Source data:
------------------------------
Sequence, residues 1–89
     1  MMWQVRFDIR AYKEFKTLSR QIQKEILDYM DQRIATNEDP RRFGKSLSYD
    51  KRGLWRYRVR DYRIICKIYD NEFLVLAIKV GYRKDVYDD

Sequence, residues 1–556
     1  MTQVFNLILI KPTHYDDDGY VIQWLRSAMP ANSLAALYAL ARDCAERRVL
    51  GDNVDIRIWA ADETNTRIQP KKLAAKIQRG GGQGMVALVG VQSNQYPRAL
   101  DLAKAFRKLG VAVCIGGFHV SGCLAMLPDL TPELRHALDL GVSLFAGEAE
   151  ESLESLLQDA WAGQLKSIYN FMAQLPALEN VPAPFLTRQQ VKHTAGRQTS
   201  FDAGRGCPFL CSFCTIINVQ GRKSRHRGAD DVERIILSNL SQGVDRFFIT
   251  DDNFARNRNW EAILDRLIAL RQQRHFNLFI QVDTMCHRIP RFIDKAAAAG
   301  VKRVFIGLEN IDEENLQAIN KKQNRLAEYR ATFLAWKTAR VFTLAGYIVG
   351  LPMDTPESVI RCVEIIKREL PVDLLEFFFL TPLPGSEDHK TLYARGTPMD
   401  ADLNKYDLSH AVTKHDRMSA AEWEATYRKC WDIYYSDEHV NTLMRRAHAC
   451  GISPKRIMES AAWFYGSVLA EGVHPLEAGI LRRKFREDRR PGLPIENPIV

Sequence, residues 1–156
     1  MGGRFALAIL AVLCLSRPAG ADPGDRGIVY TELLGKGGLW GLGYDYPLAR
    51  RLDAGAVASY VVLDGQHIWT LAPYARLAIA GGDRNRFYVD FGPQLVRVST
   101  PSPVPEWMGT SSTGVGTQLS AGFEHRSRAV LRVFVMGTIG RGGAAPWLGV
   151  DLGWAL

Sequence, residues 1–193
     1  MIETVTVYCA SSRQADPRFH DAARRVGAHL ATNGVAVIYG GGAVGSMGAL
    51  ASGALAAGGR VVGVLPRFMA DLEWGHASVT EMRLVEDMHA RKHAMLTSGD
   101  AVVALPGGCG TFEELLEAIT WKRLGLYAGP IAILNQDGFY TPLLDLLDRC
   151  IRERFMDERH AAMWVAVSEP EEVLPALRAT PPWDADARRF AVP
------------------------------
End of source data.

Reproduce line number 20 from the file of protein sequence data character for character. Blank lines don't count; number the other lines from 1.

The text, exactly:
Sequence, residues 1–193